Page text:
As Ronald Reagan said, "The problem with our liberal friends . . . is that they know so much that isn't so." Fortunately, the rest of us still have a vote.
Centennial Institute Fellow Mark Hillman served as Colorado senate majority leader and state treasurer. To read more or comment, go to www.MarkHillman.com.
(CCU Faculty) In 2004 I taught Western Civilization and U.S. Foreign Policy as a Fulbright Scholar in Eastern Europe. My primary duties were at the largest state university in Belarus, as well as at their Institute of International Relations. While there I was contacted by George Soros’ Invisible College. It is one of several Invisible Colleges in European capitals, each funded by the Soros Foundation. It allowed students from both the State University and the Institute of International Relations to take courses and transfer them back to their other schools. Several of my students at the other institutions were at the Invisible College and one of them likely recommended me to them. I had the feeling that the students at the Invisible College were there by special invitation, being groomed for a particular purpose in the field of International Relations.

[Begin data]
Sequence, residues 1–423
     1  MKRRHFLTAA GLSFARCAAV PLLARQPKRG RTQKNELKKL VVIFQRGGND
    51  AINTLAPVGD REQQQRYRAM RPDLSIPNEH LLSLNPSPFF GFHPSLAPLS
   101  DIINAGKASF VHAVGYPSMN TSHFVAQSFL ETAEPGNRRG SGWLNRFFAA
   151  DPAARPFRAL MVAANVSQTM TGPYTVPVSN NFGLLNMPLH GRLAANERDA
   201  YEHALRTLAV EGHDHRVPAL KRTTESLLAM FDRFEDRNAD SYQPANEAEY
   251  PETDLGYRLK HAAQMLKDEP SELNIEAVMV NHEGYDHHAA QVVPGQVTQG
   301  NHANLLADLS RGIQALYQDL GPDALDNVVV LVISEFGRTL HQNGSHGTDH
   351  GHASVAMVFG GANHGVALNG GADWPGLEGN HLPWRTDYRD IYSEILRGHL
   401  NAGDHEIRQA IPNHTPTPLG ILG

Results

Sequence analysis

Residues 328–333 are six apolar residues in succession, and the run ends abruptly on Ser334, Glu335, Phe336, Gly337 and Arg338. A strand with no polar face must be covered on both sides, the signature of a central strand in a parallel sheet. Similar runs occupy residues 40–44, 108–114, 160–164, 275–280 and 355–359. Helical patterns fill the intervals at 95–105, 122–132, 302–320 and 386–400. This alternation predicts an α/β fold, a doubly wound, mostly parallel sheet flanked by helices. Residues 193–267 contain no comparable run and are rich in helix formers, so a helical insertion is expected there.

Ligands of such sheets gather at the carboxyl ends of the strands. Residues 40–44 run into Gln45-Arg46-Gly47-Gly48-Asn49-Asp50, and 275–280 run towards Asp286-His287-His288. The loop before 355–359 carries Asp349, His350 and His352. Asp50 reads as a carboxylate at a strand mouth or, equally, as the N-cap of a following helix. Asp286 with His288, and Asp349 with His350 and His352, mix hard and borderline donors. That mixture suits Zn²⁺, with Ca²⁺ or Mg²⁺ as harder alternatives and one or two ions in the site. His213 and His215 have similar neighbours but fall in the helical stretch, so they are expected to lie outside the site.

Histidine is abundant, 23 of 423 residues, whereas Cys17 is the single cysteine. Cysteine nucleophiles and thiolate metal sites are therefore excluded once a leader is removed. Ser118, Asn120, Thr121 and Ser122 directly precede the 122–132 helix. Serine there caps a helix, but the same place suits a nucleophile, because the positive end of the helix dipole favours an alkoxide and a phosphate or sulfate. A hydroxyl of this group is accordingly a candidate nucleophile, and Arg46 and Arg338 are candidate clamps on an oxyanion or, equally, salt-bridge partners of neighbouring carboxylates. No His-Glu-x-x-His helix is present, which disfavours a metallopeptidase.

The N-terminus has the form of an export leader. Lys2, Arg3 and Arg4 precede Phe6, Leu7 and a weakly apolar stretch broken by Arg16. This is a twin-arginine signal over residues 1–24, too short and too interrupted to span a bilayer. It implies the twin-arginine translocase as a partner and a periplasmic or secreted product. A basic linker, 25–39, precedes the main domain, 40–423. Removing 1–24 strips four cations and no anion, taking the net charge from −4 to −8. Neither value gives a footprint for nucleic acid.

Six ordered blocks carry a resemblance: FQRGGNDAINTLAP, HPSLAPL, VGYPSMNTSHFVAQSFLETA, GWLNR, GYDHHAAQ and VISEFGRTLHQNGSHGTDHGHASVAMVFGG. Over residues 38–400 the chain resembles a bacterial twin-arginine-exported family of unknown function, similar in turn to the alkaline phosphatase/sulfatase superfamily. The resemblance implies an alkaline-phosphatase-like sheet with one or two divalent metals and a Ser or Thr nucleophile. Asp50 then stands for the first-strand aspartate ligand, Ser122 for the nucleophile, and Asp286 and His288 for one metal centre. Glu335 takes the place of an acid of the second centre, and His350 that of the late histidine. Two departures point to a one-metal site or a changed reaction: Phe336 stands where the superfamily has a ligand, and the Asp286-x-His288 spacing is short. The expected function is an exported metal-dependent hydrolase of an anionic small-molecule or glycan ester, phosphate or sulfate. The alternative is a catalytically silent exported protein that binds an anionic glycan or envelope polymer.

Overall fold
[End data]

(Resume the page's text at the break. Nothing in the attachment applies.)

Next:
I was asked to repeat a presentation, which I had given at one of the other colleges, on how Globalization could bring prosperity to their country. My primary metaphor was that the stones in the wall which had divided East from West during the Cold War could be used instead to build bridges between East and West. That this country, which stood at the crossroads between East and West, could benefit by being a center of trade between Russia and the West. I encouraged the students to be more international in their scope and find some way in which they could help raise the standard of living in their country. It was received well by the Invisible College, and I was invited to return.
I was not assigned a topic for my second presentation, but when I suggested the foreign policy of George W. Bush they were interested. Apparently, I agreed with them on the importance of economic globalization, but I was soon to discover that we disagreed on the Global War on Terror. In that second presentation the following week I stressed the importance of America’s role in both Afghanistan and Iraq, that the world needed a police force, and that neither the U.N. nor the E.U. were up to the task. Since tyranny should not be tolerated, and there should be no safe haven for terrorism, America had to remain strong and vigilant in order to insure global peace and stability. At the end of my presentation I was ushered quickly out the door and was never invited back.